Poverty is key issue at workshop

Published 9:33 am Tuesday, August 13, 2013

Gathering at Wedgewood Cove focuses on how to strengthen families

Seventeen percent.

That’s the number of children in Freeborn County living in poverty, according to data from 2010.

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Though the number may seem high, there are things community members and organizations can do to reduce that statistic, said Donnae Rae Scheffert, who presented a workshop Monday in Albert Lea about poverty.

“What I’m hoping is that every person will say I can do something to help,” Scheffert said. “Let’s look at what we’re already doing and see what else can be done.”

Teachers, human services workers, workforce center officials, child care providers, police, human services staff and health officials attended the workshop at Wedgewood Cove Golf Club, which was funded through a grant obtained by the Freeborn County Family Collaborative and through collaboration with the United Way of Freeborn County and Mayo Clinic Health System in Albert Lea.

Scheffert presented information about the effects socioeconomic status can have on children and families and tried to help those in attendance gain a better understanding of the divisions between different social classes.

“Let’s look at what we can do to give people a hand up as opposed to a handout,” said Mary Laeger-Hagemeister, the grant’s coordinator.

Scheffert, of Northfield, said she grew up in poverty herself and attended a country school. She talked about what she has done to change her own outcome and how she has worked to help others change their cycle.

She said each year child poverty costs an estimated $500 billion to the U.S. economy.

This year, the federal poverty level is $23,500 for a family of four, and in Freeborn County, there are 3,654 families out of a total of 13,210 that make less than $25,000 a year, according to 2010 U.S. Census data.

That is 27.6 percent of all families in the county.

Poverty can be linked with negative conditions such as substandard housing, homelessness, inadequate nutrition, inadequate child care, unsafe neighborhoods and lack of access to health care, according to the presentation.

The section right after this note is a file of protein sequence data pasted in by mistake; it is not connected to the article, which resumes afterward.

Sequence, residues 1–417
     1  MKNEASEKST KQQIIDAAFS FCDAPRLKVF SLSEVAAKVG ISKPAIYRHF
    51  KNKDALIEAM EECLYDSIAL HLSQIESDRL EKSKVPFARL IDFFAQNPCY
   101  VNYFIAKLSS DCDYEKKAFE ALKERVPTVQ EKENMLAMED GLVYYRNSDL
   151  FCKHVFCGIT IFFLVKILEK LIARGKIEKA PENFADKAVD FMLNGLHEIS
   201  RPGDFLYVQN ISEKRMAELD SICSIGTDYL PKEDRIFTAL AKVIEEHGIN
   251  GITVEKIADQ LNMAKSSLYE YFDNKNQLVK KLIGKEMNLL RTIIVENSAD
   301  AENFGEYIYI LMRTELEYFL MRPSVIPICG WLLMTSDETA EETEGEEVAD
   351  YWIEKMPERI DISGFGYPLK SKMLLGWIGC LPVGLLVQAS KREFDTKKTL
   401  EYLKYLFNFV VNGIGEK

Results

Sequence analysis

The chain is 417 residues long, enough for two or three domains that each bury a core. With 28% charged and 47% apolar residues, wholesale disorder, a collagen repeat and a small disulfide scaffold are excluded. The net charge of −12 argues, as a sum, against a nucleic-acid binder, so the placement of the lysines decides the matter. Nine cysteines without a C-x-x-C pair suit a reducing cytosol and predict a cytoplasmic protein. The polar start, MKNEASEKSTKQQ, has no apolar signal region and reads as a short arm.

Data show that Freeborn County had lower average weekly salaries in 2012 compared to neighboring communities.

In Albert Lea, the average weekly salary was $664, but in Owatonna it was $774 a week and in Austin it was $824 a week.

The presentation stated the most effective way to move out of poverty is to have a good job and build assets for long-term prosperity.

Scheffert talked about closing the gaps in state and federal programs available to help those in need and sharing information about socioeconomic status to reduce myths and stereotypes.

She also talked about developing a community success coach who can work with families who are trying to rise above poverty.


Poverty by the numbers:

• 17.2: Percent of children in Freeborn County in poverty.

• 21.2: Percent of children in Freeborn County receiving food support.

• 45.8: Percent of students in Freeborn County receiving free or reduced-price lunches.

• $42,450: Median household income in Freeborn County.

• 6,872: Children ages 0-17 in Freeborn County.

• 42.2: Percent of babies born to unwed mothers in Freeborn County.

• $23,500: annual income at poverty level in Freeborn County.

• 24.1: Average percent of households in Freeborn County making more than $75,000.

• 9.2: Percent of elderly people in Freeborn County who are in poverty.

• $500 billion: Cost of child poverty each year in the U.S.